So I pulled "The Bread Bible" by Rose Levy Beranbaum: Copyright 2003 (Pg 30 paragraph 4) - It's been a while since I had to properly cite so forgive me
"When chilled, the yeast goes into dormancy, slowing it's activity and producing more alcohol (Me: producing more alcohol doesn't sound right, but that's what it says). This decreased activity gives the bacteria a chance to feed on the sugar, develop more, and produce more acetic acid. Temperatures of 40 to 55 F are ideal for the formation of acetic acid; 55 to 90 F results in the formation of the blander lactic acid. Acetic acid imparts a far more sour quality to bread than lactic acid. As an added benefit, acetic acid also strengthens the doughs structure, although too much of this acidity would ultimately weaken it. Some bakers prefer the milder flavor provided by lactic acid."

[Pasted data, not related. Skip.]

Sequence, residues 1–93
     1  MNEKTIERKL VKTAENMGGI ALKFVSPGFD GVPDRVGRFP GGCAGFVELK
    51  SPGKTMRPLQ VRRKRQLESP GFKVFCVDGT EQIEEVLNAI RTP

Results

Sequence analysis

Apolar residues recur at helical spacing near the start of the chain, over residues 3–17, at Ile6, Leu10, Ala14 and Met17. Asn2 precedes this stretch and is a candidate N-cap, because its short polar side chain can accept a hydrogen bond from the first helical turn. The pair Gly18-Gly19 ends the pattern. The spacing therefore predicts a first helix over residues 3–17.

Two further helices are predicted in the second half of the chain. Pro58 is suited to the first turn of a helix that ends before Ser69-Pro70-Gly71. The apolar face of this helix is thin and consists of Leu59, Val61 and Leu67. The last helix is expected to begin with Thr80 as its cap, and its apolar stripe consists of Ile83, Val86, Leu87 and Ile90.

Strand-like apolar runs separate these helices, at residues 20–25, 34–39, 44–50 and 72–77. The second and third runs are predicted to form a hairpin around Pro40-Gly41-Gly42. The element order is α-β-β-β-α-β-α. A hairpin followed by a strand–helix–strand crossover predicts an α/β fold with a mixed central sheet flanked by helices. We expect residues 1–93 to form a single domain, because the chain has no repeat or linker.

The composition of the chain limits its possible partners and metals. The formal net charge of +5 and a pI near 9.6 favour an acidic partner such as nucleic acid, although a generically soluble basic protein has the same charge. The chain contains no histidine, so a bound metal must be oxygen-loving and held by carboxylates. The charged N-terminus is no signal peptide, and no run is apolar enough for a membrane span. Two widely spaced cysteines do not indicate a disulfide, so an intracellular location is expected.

..... paragraph 5 .....
".... if the dough ferments for too long, the yeast and bacteria will consume all of the sugar in the flour, and the bread will have a pale crust and bland flavor. Some residual sugar in the dough is necessary both for flavor and to brown the crust."
Jeffery Hamelman's "BREAD" will tell you the same thing
By the way, both great books to get to know your dough